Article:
I store each tuber repotted in a dry soil mix in which they will be kept
until the spring when they will be reintroduced to moisture and the sun
(there are a few exceptions to this, those which require moisture while
dormant). My main concern now is to be able to eliminate any potential
spread of this virus. I have collected a number of Amorphophallus species
this year and I would hate to have to cull plants due to this unfortunate
problem. Thanks for your help.

From: "W. George Schmid" <hostahill at bellsouth.net> on 2004.10.22 at 15:11:53(12299)
There are no known cures available for virus-infected plants. Much has been
talked about virus in hosta plants and we have been advised to destroy all
plants diagnosed to have the disease. If the plants are in a greenhouse that
has a controlled, insect-free environment, the infection may only occur in a
plant that has been purchased with the virus infection already under way.
The virus is spread by contact of the sap of infected plants with healthy
plants. This will occur when cutting the infected plants - not just rhizome
division but also cutting leaves and other plant parts, or just accidental
contact that may result in sap exchange. Another vector are sucking and
chewing insects that move from plant to plant. Pieces of roots or offsets
left behind from digging the tubers may also harbor the virus. All parts of
a plant diagnosed to be infected should be regarded as carrying the
contagious virus and must handled with this in mind. Any tools used on these
plants should be sterilized (chlorine solution/bleach) before contacting any
healthy plants. Use disposable plastic gloves and use a new pair every time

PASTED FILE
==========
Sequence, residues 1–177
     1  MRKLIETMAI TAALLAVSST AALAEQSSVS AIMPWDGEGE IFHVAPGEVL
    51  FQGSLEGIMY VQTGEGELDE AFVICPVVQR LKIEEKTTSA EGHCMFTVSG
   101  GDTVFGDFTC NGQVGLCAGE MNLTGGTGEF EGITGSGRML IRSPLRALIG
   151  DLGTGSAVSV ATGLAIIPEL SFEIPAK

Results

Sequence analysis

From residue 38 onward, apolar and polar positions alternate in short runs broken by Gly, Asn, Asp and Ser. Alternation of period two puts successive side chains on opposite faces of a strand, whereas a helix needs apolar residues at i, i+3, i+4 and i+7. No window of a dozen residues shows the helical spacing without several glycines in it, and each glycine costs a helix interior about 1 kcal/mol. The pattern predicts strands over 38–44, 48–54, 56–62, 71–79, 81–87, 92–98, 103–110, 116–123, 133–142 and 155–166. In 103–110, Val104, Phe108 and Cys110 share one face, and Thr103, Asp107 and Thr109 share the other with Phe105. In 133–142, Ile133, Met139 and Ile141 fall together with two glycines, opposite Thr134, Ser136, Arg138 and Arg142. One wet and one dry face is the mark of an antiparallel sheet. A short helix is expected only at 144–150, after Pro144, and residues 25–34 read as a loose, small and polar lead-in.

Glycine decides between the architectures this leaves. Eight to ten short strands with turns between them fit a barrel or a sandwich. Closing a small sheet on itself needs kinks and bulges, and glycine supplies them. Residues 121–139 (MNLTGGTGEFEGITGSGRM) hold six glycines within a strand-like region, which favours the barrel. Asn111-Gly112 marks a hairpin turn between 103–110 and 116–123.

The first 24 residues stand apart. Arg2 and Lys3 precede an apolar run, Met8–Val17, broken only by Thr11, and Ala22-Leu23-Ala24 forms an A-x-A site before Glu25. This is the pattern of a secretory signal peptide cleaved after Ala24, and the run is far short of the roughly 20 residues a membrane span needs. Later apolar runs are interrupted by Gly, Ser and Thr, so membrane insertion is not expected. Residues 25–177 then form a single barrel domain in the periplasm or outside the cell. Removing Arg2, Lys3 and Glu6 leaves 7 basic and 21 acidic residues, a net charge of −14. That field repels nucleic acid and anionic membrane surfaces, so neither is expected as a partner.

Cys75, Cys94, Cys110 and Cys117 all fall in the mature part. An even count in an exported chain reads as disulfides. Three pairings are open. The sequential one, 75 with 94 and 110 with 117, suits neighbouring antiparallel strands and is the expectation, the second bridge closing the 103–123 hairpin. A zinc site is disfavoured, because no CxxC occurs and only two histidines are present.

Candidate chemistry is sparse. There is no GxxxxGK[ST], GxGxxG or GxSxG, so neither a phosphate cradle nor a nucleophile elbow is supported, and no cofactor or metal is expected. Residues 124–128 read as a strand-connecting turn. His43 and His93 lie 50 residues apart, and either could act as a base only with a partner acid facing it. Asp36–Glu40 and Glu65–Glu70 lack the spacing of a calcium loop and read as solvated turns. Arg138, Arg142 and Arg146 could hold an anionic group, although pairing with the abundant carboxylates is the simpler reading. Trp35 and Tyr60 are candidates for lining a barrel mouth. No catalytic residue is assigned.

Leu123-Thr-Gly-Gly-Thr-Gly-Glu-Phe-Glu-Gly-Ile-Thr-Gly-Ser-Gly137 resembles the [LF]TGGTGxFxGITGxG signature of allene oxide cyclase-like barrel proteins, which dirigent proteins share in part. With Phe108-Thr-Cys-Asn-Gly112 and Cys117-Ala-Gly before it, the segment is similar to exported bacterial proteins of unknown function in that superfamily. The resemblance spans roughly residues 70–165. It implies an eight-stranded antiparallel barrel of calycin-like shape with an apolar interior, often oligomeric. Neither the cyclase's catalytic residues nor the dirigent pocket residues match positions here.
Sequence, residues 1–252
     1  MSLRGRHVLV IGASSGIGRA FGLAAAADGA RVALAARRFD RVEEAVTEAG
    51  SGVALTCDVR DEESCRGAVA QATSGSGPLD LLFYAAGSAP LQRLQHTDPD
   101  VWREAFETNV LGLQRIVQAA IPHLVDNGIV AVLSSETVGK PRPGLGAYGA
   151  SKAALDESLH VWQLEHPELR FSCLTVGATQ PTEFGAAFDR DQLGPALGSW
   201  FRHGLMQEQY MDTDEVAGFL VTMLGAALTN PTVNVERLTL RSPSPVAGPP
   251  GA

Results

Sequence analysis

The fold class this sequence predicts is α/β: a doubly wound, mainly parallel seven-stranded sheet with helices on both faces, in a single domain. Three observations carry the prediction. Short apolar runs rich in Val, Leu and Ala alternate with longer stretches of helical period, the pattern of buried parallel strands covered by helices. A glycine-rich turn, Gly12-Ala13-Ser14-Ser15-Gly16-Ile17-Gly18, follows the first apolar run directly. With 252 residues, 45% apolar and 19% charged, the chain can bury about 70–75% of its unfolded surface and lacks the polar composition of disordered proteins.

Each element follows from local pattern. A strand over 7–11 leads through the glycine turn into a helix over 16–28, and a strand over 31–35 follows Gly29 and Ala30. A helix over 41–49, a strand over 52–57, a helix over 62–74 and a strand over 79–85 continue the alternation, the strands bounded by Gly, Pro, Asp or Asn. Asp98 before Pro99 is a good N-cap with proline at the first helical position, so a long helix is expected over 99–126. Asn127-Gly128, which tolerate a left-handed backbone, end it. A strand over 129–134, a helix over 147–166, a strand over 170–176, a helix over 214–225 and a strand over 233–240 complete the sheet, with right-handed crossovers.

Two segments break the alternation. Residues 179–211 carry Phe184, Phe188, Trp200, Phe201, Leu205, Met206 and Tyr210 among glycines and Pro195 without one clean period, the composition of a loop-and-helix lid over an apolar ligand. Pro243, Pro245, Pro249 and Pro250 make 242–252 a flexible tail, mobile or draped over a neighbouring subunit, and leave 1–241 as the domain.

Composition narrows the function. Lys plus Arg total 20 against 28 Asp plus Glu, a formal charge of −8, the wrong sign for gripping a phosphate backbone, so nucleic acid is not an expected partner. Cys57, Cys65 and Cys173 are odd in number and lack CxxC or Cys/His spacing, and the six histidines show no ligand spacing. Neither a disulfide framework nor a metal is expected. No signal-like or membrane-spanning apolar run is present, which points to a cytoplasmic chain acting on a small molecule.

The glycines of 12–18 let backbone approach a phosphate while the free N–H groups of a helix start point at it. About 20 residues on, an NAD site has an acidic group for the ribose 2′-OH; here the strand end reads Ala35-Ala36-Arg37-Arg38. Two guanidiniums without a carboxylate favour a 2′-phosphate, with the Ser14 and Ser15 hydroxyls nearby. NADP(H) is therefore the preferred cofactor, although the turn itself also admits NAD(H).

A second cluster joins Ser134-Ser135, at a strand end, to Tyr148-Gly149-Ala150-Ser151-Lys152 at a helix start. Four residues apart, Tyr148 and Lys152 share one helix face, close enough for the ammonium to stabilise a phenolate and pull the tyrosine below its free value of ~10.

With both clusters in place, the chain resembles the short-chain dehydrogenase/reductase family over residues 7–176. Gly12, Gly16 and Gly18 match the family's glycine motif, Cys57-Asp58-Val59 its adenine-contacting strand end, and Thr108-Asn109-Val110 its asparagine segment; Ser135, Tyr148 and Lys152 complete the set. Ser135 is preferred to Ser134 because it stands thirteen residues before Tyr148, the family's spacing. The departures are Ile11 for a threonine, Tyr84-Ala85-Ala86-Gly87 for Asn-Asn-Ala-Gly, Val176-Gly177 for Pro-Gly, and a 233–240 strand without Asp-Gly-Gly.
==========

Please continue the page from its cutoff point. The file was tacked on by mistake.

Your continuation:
you move to a new plant. The virus will not be present in the soil, so new
plants may be planted where a virused plant was dug as long as there are no
still-living roots/offsets remaining there. The only way to determine if
other plants are infected is to have them tested or if they show symptoms.
If the plants are rare and/or irreplaceable, isolate them and avoid
plant-to-plant contact. Better still, take small samples of tubers and or
offsets and have them tested. Sterilize the tools after each use. Get a pack
of plastic gloves and use a new pair when you take samples of the next
plant. Avoid contact between samples and pack each in separate, sealable
plastic bags. HTH, George

W. George Schmid

From: Bryan Lampl <blampl1 at earthlink.net> on 2004.10.29 at 02:27:52(12325)
I am putting together a new website of the Amorphophallus photos i took this
year. After my unfortunate discovery of a virus in my A. albus (thanks for
everyones imput on the subject) I thought it might be good to use the
pictures to show others what an invected plant can look like. I have seen
many "variegated" plants offered this year online and I would hope that
others become as cautious I am now so not to continue the spread of viruses
to healthy plants. Here is the URL to the webpage of photos...

> http://www.geocities.com/inthedirt86/albus.html